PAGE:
Not everything that Goldschmidt undertook was an unqualified success; some of his projects turned sour before they were even hatched, and others began well but lost momentum or lost money (or both) as they went along. But his track record was better than most, and the number of artists whose career he has launched or furthered, and of organizations he has founded or enriched, is legion. He continues to be very active, setting a pace of work at age 95 that would be the envy of many people half his age. A University of Toronto graduate student who wanted to interview him last year contacted his office to set up a meeting, only to find that at the scheduled time she had to speak with him on the subway as he raced from one appointment to the next. He is indeed busy, but he is also guarded, and still seems to be too preoccupied with the present and the future to dwell much upon his past.
The present biography gives some measure of Goldschmidt’s many accomplishments, but the man behind these various missions remains something of an enigma. Indeed, the reader learns almost as much about Goldschmidt the man from Teresa Stratas’s engaging foreword as from the rest of the book. The author had full access to Goldschmidt’s papers at the Library and Archives of Canada, as well as other archival sources, and also a series of taped interviews with Goldschmidt that Susan Hayes and Maria Muszynska made between 1998 and 1999. She interviewed Goldschmidt and his wife on several occasions (presumably in their home rather than on the subway) and hunted up many people who have been associated with him over the years. But despite the meticulous research, the book flags often, and at times it even goes off the rails altogether for a paragraph or two (one really begins to wonder about the quality of copy editing at UTP these days). At its best this is a competent and even engaging recital of facts, but it never probes very deeply. The excitement that Goldschmidt knows how to create in the theatre or the concert hall is lacking in this simple narrative account of his life.
Ashley MacIsaac, with Francis Condron. Fiddling with Disaster: Clearing the Past. Toronto: Warwick Publishing, 2003. 279 pp., ill. ISBN 1-894622-33-2. $18.95 (paper).
Sex and drugs and … Cape Breton fiddling. That pretty well sums up the contents of this tell-all autobiography. Though only 28 years old, Ashley MacIsaac has been living in the public eye for a long time. He appeared at first in Cape Breton as a step dancer while still a child, then toured around Atlantic Canada as a fiddler in his teens, and finally performed across Canada and inter-nationally in the wake of the huge success of his CD hi™ how are you today?, released in 1995.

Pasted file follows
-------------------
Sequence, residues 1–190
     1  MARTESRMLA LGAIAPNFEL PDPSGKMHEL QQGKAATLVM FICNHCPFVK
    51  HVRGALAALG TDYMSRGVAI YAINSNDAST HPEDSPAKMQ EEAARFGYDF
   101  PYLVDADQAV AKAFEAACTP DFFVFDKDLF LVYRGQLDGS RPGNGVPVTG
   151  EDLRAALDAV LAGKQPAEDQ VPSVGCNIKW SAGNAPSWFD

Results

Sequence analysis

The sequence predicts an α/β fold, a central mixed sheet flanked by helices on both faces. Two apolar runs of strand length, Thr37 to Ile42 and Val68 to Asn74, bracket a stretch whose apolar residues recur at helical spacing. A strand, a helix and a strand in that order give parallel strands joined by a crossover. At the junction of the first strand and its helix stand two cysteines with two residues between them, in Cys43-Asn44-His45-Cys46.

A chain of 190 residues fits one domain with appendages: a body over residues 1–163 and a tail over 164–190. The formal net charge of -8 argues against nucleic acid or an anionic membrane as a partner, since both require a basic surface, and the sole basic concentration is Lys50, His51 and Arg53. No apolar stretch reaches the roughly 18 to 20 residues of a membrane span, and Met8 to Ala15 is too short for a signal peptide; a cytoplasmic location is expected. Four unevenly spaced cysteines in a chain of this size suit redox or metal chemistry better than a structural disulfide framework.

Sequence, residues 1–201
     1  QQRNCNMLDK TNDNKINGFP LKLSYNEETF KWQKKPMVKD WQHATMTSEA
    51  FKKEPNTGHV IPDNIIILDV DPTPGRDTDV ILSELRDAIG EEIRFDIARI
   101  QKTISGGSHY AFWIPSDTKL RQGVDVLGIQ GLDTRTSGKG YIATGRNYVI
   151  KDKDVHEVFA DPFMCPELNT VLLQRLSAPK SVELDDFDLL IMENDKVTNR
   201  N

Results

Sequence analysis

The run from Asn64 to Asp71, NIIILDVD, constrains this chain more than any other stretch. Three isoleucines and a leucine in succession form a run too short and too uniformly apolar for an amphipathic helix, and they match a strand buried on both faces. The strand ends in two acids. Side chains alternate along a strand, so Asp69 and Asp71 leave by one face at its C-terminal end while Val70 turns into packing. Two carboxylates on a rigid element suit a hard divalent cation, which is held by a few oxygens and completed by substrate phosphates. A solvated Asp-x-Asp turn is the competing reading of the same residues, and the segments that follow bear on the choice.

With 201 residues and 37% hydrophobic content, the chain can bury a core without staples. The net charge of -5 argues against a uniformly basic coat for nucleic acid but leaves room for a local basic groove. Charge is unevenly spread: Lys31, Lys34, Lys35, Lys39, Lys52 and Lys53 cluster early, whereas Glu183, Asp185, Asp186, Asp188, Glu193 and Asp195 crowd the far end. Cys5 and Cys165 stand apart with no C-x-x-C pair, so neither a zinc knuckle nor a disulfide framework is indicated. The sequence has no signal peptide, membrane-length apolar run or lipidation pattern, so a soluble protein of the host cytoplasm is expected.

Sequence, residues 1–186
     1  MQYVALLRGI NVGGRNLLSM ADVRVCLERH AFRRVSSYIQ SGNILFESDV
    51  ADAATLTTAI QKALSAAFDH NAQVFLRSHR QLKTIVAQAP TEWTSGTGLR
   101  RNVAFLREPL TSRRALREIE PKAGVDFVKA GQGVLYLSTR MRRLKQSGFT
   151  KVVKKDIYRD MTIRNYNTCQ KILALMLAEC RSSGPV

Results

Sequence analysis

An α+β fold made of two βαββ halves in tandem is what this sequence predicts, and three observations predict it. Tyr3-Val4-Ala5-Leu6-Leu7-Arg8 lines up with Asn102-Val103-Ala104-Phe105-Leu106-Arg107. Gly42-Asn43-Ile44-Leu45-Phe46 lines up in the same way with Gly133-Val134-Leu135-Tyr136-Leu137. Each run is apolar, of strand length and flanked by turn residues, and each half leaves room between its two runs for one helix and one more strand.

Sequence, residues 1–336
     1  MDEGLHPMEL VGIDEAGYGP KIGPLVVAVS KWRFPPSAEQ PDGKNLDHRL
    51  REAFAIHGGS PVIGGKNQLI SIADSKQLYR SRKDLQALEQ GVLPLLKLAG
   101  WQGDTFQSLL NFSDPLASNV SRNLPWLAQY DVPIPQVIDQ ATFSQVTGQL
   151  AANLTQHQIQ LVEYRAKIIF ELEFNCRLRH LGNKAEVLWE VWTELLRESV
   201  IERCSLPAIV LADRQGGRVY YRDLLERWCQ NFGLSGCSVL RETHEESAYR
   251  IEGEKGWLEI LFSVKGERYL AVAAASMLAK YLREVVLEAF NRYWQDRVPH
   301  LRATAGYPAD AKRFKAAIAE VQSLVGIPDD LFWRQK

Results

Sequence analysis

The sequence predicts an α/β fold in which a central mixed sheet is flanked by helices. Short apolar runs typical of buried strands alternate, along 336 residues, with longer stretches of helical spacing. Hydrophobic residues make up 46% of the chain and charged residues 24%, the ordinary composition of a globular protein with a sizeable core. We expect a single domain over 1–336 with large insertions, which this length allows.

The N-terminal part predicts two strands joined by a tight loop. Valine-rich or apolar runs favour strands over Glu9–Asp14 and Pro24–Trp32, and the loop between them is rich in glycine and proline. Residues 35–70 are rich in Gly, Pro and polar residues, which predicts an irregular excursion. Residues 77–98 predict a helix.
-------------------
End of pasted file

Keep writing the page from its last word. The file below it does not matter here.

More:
MacIsaac came to the attention of the wider world at the age of 17 when he was invited by JoAnne Akalaitis to perform in a New York City production of Woyzeck with music by Philip Glass. She had heard MacIsaac play while holidaying in Cape Breton. The gig lasted for only three months, but it was to change MacIsaac’s life forever. For one thing, it brought home to him the fact that his brand of Cape Breton fiddle music, blending Scottish and Acadian roots with other more modern influences, could tap into the insatiable worldwide demand for Celtic music in the mid-1990s. For another, living in New York City allowed him to come to terms with his gay sexuality, something that was just not possible for him in Cape Breton.
The revelations in chapter six, ‘Drugs,’ come fast and furious. MacIsaac began with soft drugs but then discovered crack cocaine. Pot made him mellow and acid enhanced his creativity, but crack ended up destroying him: ‘I got really screwed up physically in my lungs, and lost all my money, and almost lost my career and all my friends and family. It took all that shit happening to get me off it; I had to get almost to the very bottom before smoking crack was no longer enjoyable to me’ (p. 131). What remains is an abiding love for smoking marijuana, which in MacIsaac’s view is not only harmless but positively beneficial, as it prevents him from returning to harder drugs.
There is much vitriolic comment in the latter part of the book on the Maclean’s profile which threw MacIsaac’s life into a tailspin from which he is still recovering.1 It is MacIsaac’s contention that the press turned on him because he was not only gay but also openly sexually active. His view has some merit, but it minimizes the effects of his drug habit and increasingly erratic onstage personality in creating a bad press. That hard drugs, onstage profanity, and personal destruction go hand in glove will be familiar to anyone who has seen Dustin Hoffman’s portrayal of stand-up comedian Lenny Bruce in Bob Fosse’s film Lenny (1974). At one point MacIsaac was so desperate that he tried to pawn his violin for $25 to get his next hit of crack. The wonder of it is that he did not die of a drug overdose, as Lenny Bruce did, but rather quit using hard drugs cold turkey. In the meantime, though, he managed to run through an estimated $10 million in five years; his explanation of where all the money went should be required reading for any aspiring pop music performer.
This book, deftly ghosted by Francis Condron, is breezy and colloquial in tone, well paced, and hard to put down. None of the extensive secondary literature on MacIsaac (both popular and scholarly) is cited, but the book includes a useful index, a discography, and eight pages of black and white photos.